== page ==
About a dozen of approximately 30 in the audience at the Maplewood City Council meeting on Tuesday came from Marietta Avenue. Their block carries higher than average traffic for a residential street according to a city study, and a percentage of those are speeding.
The residents who are also parents see it at the bus stop on Marshall Avenue. They said drivers don’t yield to pedestrians, cut through a parking lot on the corner, exhibit road rage, and swipe parked cars as they come north on Marshall and turn left on Marietta.
The city had sent a letter to the residents with a suggestion from a traffic consultant to allow parking on the north side of the street to discourage the cut-through traffic. Not one resident or council member liked the idea.
The residents acknowledged the volume but want to slow it down. Speed bumps, rumble strips, narrowing the street at one spot were all ideas floated to do that.
Several council members agreed with the residents that speeding is a problem, but City Manager Marty Corcoran said it’s clear the problem is volume.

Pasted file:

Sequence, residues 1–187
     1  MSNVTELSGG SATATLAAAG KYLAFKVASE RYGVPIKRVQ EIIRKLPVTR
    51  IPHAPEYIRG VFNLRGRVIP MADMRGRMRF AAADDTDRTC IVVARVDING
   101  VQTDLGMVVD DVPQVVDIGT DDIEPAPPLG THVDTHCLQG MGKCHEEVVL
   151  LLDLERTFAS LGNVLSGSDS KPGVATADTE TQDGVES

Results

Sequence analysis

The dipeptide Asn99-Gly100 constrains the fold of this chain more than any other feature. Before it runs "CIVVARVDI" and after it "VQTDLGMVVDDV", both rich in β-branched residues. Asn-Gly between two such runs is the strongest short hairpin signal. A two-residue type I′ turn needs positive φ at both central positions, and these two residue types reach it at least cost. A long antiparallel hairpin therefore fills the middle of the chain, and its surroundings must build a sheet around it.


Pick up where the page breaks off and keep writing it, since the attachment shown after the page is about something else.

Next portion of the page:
“You can’t tell me by sitting on your porch how fast a car is going. That’s a problem on every street in Maplewood [that a percentage are speeding], but you don’t have the same volume on every street in Maplewood,” he said following the meeting. “The issue is you’ve got to reduce the volume on the street. If you don’t reduce the volume on the street you’re not going to solve the problem. If you put a speed bump there and there’s still 2,500 cars going down the street we haven’t solved any problems. It’s still dangerous for kids. It’s still dangerous for the cars parked on the side of the street. It doesn’t get solved.”
Council member Shawn Faulkingham disagreed. He said, also after the meeting, that speeding is a problem and speed bumps are a viable solution: “We found with our study that 78 cars went through in an hour. Thirty percent of them were over 25 miles per hour. That’s a lot of speeders. One percent would be too many when you have 15 kids on the block. You have to look at kid density too. When we got the speed bumps on Elm that was my idea. I did the research on it. At the time we had 23 kids. Speed kills. Even the speed limit kills. Their perception is they want the cars to slow down, and speed bumps do slow them down, and focuses the driver, so I think it’s a very viable option.”
Corcoran said at the end of the discussion the city has 90 days to implement a solution because that’s when school will begin. (It’s actually less than that.) He told the council to bring proposed solutions to a future meeting.
A group of residents, council members and Mayor Greenberg stayed and talked it over after the meeting.